New investors are often inundated with information about different classes of assets. If you’re just getting into the finance world for the first time, asset classes and their uses may seem daunting. Here’s what you need to know about asset classes, their individual characteristics, and how they fit into a diversified portfolio of investments.
An asset class is a group of investment instruments that function similarly in the market and share basic characteristics. Asset classes also have a legal component, as investments grouped together into an asset class are subject to similar regulations. Different asset classes are frequently mixed together to and mitigate market risk.
Equities are a class of assets composed of units of ownership in business entities. The most common form of equity is a stock, which is a unit of ownership in a publicly traded company. These assets appreciate or depreciate as the company grows or shrinks. Some stocks also offer cash flow in the form of monthly, quarterly, or annual dividend payments.
Fixed-income securities are debt instruments that entitle the holder to regular interest payments, along with the repayment of the debt’s principal at an agreed-upon date. Bonds are the most common type of fixed-income instrument. These instruments can be issued by either public or private entities, and the rate of interest varies according to the credit rating of the issuer and the risk of default.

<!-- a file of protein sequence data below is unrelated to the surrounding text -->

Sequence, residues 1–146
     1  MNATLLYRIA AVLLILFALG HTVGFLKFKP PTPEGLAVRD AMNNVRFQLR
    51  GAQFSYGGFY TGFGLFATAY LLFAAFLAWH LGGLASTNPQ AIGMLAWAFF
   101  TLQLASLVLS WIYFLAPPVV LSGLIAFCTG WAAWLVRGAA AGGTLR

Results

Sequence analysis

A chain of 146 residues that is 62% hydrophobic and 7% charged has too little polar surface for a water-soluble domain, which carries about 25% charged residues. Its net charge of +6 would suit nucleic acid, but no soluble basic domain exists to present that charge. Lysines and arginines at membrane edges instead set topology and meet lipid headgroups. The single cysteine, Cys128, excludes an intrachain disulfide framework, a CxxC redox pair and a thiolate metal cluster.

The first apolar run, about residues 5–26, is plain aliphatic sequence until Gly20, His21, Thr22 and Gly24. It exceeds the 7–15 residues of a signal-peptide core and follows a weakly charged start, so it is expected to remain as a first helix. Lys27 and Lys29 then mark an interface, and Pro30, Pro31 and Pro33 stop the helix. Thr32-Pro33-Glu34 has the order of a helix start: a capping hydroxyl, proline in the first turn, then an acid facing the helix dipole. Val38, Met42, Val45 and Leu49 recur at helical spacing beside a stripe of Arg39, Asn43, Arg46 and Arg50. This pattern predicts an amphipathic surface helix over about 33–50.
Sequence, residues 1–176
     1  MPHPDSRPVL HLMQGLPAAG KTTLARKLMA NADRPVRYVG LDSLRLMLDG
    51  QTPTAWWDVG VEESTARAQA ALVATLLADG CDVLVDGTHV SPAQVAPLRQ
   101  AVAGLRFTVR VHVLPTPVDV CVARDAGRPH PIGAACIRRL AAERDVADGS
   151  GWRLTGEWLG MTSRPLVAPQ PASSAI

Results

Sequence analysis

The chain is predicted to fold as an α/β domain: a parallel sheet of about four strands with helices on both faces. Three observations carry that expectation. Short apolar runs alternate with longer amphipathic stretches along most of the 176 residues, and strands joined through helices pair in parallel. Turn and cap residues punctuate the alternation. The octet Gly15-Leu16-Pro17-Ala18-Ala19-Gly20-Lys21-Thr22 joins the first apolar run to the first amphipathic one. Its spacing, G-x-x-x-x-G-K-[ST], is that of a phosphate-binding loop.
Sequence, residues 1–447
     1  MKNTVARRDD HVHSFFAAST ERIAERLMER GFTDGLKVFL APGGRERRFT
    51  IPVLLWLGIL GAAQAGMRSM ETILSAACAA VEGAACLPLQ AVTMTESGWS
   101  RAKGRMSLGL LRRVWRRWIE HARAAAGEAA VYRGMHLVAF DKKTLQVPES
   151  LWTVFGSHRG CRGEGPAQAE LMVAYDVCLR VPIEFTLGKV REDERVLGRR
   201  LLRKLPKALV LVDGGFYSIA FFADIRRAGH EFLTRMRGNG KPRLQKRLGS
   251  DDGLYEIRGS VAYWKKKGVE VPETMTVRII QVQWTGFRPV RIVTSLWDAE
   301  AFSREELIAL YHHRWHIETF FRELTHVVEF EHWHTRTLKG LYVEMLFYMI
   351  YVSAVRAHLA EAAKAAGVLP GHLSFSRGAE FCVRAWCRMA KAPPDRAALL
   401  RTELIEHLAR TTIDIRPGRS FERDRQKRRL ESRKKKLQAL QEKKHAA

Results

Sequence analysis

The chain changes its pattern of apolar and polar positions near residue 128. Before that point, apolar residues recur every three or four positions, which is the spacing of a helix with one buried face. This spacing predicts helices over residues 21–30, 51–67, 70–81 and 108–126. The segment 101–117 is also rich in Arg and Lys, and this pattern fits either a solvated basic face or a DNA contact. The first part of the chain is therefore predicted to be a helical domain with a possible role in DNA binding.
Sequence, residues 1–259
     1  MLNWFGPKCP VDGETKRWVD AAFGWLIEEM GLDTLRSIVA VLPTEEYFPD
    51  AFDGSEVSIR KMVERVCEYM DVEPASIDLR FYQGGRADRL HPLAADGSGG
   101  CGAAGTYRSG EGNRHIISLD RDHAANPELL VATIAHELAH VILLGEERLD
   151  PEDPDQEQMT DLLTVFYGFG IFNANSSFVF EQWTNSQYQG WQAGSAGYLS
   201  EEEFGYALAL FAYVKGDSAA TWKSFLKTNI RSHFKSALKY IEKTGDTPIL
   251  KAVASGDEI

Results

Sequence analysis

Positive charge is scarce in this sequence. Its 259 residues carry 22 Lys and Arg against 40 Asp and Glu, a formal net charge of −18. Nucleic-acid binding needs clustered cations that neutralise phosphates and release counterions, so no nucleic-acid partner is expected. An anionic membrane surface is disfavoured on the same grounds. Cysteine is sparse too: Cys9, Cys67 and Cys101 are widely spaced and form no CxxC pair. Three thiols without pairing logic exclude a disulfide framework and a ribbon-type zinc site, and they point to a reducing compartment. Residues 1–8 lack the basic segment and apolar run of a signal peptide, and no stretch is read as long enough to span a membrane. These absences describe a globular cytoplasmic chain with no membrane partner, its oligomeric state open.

Cash is perhaps the most basic asset class and acts as the conversion medium for all other classes of assets. Cash equivalents are instruments that are readily convertible into cash and therefore act similarly to it. Money market funds and short-term government bonds are examples of cash equivalents that you might include in your portfolio as a retail investor.
Real estate is a very broad asset class describing property held for investment purposes. This asset class can be subdivided into smaller sub-classes, including office space, single-family homes, multi-family properties, farmland, and industrial space. Real estate investors realize returns on their investments from both property appreciation and rents paid by tenants.
Commodities are physical goods and natural resources that have value in the investment market. Agricultural products, gold, oil, lumber, industrial metals, and a host of other raw materials fall into this category. Commodities traders profit from volatility in the prices of these materials by buying and selling futures contracts.
Each asset class has its own level of risk and return that you should consider when allocating assets in your portfolio. Stocks and equities, being , are best for more risk-tolerant investors who are planning to build wealth over long periods. Cash and cash equivalents are very conservative and are most useful for short-term saving. Bonds offer a middle ground, with less risk than securities but more reward than cash. Real estate risk is variable, depending on the type of property you purchase and the amount of debt you take on to finance it. Because of the highly leveraged nature of futures contracts, commodities trading is a high-risk venture.
The right blend of assets for your portfolio will depend on your appetite for risk, age, income, and financial goals, among other factors. The best investment strategy, however, has historically been to to limit dependence on any single asset class.